Review: Jerusalem Tango

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Leeds Carriageworks

Trudging to the theatre on a thoroughly wet and miserable night to watch a play I’d never heard of, my expectations for Jerusalem Tango weren’t high. But by the time it had finished, I was glad I’d made the effort.

Set in British-controlled Jerusalem in 1946, two years before Israeli independence, the story revolves around a young Jewish woman, Ziva, who goes to the King David Hotel to dance the tango. There she meets a British officer, Thomas, who falls under her spell.

The audience is then drawn into a tangled web of love and conflicting loyalties behind the true story of a terrorist outrage that shocked the world and signalled the end of the British colonial presence in the Middle East.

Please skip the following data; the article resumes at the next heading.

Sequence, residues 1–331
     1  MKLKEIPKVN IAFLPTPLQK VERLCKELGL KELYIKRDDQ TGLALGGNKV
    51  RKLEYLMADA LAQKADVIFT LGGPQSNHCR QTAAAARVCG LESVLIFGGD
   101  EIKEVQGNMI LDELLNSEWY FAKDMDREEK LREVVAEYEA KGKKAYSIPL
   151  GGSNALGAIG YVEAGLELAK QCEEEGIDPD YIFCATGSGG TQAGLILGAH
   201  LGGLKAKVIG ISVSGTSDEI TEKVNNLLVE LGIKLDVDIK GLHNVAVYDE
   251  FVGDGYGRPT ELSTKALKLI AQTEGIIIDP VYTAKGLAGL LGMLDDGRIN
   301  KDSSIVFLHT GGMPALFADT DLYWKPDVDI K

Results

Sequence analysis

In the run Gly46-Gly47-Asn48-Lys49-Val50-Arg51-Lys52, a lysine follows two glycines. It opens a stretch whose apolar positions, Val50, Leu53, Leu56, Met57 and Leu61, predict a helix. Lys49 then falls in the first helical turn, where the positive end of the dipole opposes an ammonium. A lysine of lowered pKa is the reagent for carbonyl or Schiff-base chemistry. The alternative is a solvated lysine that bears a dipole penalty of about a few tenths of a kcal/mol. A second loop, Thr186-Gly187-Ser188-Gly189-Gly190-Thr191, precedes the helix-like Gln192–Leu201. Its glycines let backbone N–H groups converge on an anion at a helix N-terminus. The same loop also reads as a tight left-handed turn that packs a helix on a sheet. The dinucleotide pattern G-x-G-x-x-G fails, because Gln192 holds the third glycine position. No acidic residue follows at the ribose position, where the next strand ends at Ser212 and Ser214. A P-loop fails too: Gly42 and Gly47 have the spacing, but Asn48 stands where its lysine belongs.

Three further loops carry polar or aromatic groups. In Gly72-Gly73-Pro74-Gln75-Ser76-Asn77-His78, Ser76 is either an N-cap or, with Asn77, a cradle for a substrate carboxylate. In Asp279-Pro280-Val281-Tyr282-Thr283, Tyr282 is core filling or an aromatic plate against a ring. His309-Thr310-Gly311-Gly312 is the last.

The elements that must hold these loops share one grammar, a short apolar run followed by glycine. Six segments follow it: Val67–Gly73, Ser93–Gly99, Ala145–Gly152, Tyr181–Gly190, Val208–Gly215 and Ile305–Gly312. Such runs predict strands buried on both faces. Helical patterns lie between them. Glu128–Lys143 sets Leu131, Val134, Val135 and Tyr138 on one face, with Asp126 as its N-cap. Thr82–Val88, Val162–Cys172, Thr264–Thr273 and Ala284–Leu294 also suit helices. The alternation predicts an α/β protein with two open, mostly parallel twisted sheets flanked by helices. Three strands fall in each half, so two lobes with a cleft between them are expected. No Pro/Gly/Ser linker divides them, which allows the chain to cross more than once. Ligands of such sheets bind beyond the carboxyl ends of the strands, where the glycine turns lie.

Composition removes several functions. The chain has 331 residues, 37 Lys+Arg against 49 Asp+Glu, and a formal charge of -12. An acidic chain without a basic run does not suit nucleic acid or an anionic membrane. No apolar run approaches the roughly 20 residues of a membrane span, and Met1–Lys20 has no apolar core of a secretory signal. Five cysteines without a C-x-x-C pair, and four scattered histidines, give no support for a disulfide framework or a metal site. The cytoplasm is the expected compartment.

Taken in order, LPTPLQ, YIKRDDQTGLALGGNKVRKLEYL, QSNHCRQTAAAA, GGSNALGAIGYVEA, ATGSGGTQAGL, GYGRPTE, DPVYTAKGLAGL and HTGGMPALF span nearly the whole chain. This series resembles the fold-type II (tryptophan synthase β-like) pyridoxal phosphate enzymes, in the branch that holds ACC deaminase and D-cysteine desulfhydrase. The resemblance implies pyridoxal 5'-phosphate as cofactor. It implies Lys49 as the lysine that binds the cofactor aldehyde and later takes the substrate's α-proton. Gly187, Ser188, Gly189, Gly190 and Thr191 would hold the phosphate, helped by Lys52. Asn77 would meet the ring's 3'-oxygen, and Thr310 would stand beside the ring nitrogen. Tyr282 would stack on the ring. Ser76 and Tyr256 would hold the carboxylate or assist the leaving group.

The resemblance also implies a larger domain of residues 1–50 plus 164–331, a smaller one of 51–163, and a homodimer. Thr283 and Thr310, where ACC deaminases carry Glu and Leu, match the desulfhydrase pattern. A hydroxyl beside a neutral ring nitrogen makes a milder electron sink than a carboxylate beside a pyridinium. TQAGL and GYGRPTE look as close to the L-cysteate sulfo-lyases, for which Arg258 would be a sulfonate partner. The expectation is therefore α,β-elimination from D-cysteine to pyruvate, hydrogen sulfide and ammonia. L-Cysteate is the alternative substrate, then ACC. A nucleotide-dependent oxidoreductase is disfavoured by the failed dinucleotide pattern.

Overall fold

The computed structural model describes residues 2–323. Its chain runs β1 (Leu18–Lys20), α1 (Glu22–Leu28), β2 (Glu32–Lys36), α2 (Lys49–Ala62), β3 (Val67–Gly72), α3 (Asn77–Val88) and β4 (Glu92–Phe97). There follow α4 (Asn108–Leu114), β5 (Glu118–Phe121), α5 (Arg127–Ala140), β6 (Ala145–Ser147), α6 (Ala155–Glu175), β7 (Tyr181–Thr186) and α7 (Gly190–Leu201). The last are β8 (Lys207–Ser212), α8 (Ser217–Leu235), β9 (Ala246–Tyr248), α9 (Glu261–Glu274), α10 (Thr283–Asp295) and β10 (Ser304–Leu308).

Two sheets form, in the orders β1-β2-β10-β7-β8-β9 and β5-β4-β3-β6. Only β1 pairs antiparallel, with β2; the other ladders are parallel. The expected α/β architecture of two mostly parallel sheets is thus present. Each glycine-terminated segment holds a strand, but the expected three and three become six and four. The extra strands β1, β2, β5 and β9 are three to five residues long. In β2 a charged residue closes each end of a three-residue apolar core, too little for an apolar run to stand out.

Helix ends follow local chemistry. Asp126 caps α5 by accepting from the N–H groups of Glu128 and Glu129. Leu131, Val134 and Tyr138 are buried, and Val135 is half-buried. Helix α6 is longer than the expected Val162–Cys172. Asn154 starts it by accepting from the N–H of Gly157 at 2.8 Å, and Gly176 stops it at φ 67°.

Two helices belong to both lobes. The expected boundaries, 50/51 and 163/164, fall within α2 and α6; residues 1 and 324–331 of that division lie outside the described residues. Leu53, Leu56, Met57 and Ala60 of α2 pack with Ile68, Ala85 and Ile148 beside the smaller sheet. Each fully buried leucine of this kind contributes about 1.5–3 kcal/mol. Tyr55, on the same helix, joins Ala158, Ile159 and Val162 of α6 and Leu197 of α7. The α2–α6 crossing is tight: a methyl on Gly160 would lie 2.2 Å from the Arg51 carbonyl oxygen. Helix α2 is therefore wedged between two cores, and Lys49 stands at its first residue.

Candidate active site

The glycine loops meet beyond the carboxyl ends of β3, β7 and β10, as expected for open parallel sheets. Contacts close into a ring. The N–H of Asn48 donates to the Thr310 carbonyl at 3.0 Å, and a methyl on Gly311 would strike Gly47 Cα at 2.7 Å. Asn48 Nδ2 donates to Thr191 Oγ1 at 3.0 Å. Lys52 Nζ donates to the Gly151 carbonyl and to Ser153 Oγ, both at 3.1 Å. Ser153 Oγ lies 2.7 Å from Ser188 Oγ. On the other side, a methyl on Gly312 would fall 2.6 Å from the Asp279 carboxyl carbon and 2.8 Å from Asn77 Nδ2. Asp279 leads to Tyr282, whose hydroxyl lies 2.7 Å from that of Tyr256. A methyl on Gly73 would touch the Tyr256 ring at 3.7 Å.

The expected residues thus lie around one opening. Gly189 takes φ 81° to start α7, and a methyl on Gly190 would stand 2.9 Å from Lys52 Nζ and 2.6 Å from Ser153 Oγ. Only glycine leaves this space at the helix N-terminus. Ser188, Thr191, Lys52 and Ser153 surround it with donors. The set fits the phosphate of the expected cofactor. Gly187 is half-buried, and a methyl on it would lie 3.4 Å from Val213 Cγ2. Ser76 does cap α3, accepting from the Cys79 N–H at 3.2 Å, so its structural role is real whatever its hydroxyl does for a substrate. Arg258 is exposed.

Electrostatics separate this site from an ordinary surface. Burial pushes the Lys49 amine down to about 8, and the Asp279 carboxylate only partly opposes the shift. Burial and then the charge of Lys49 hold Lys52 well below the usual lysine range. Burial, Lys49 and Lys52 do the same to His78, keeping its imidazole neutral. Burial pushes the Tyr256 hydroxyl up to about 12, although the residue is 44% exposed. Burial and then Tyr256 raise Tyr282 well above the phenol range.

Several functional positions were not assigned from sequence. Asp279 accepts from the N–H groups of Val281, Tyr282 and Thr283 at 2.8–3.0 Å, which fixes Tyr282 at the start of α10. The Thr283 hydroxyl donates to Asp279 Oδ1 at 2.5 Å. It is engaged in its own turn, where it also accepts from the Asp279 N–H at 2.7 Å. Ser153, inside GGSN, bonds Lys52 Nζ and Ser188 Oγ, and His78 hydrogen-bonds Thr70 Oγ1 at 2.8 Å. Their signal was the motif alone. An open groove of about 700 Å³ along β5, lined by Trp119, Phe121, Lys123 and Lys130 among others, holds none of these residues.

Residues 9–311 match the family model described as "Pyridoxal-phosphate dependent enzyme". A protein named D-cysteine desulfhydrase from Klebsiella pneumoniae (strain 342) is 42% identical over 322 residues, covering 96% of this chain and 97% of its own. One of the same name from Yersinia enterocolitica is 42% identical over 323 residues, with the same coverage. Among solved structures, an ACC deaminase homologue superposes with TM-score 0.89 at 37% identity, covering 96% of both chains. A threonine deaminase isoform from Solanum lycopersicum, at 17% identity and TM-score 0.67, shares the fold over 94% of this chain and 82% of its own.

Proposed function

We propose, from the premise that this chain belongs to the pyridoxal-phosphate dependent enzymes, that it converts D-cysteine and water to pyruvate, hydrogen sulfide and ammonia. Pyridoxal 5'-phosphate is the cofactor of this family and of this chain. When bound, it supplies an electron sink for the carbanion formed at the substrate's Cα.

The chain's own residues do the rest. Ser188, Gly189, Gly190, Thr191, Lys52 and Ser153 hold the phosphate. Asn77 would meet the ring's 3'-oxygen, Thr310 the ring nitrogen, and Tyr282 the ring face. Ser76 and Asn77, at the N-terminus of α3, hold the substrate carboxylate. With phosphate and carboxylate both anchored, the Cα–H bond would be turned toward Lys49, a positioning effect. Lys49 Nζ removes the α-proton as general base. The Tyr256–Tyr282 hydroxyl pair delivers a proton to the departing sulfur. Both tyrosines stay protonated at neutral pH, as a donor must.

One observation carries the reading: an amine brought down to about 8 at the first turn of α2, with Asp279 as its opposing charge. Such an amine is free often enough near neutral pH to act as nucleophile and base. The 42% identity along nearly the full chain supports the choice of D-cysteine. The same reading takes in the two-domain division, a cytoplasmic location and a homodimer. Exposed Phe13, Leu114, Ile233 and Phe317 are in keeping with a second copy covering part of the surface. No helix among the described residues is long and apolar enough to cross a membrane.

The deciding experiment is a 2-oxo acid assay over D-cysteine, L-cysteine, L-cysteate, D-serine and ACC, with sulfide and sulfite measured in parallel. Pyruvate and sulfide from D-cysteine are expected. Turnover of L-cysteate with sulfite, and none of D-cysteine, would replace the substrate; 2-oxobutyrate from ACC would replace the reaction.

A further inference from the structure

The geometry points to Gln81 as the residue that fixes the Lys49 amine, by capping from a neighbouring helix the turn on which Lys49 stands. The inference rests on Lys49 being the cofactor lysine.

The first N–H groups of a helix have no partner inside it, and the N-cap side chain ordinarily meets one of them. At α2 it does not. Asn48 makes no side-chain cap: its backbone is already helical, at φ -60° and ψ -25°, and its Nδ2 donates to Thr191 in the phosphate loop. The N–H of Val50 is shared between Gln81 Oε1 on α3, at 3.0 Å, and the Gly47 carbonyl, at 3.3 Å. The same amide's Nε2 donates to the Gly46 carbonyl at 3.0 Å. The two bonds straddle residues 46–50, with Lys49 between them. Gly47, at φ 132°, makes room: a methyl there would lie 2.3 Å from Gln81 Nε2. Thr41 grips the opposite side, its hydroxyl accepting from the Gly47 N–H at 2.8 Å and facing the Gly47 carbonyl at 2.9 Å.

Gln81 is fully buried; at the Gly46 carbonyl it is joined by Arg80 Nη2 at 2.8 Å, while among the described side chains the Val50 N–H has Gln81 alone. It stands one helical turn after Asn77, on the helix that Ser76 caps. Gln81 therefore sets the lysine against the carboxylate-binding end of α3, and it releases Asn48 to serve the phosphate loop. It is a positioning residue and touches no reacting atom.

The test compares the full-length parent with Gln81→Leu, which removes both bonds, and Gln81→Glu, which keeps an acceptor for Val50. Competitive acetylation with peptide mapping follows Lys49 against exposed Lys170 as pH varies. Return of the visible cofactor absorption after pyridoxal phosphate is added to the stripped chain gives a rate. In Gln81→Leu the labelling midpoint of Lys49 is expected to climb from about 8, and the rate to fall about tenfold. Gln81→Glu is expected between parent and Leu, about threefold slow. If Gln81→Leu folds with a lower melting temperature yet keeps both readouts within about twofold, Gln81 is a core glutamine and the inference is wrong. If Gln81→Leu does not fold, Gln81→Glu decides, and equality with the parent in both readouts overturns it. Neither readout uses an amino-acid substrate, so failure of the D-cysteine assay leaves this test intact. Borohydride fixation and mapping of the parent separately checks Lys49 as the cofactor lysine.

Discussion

The play, written by Pat Rowe, tries to give a human face to the complex issues surrounding this volatile part of the world and hold a microscope over the topic of terrorism. The small studio space could hamper such an expansive story but the size of the venue actually helps to add to the sense of claustrophobia in the story.

The dialogue is a little cliched at times but the plot holds together and the characters are convincing enough to make you care what happens to them. The performances are good, most notably Jenny Leveton as Ziva, and the music transports you back to another time and place. This is well worth going to see, whatever the weather.

To May 26.